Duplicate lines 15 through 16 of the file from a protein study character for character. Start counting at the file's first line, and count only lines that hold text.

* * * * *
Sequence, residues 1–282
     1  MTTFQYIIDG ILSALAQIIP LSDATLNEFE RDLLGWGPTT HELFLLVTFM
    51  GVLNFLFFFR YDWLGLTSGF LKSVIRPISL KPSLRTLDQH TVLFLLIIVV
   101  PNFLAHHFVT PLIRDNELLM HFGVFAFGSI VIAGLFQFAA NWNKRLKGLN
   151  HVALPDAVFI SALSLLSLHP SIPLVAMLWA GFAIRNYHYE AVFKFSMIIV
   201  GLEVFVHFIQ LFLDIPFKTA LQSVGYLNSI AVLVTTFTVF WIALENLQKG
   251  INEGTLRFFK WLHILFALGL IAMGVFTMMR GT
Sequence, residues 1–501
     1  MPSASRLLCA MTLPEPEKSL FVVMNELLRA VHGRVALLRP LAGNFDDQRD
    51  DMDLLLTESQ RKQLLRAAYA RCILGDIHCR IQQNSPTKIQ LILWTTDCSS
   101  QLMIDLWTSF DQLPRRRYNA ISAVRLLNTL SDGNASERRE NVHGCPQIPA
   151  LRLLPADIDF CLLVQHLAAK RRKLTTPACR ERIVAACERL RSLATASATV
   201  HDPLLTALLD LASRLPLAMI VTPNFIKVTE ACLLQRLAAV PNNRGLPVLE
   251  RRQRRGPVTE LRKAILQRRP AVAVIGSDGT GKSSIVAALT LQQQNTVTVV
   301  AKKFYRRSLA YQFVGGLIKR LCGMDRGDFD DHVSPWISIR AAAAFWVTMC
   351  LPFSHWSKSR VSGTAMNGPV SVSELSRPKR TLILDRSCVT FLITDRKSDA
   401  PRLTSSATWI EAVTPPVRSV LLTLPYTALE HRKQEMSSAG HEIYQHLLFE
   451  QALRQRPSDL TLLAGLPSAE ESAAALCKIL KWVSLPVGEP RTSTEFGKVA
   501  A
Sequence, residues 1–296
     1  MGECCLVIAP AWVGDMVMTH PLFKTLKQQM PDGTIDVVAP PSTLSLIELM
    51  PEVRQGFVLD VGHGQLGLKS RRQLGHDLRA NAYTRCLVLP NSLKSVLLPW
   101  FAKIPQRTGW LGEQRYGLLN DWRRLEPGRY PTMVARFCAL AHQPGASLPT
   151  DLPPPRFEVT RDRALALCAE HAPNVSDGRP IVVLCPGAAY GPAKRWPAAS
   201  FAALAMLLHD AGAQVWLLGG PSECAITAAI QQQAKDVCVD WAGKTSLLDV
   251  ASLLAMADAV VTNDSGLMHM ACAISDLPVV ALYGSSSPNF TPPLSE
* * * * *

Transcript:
   301  AKKFYRRSLA YQFVGGLIKR LCGMDRGDFD DHVSPWISIR AAAAFWVTMC
   351  LPFSHWSKSR VSGTAMNGPV SVSELSRPKR TLILDRSCVT FLITDRKSDA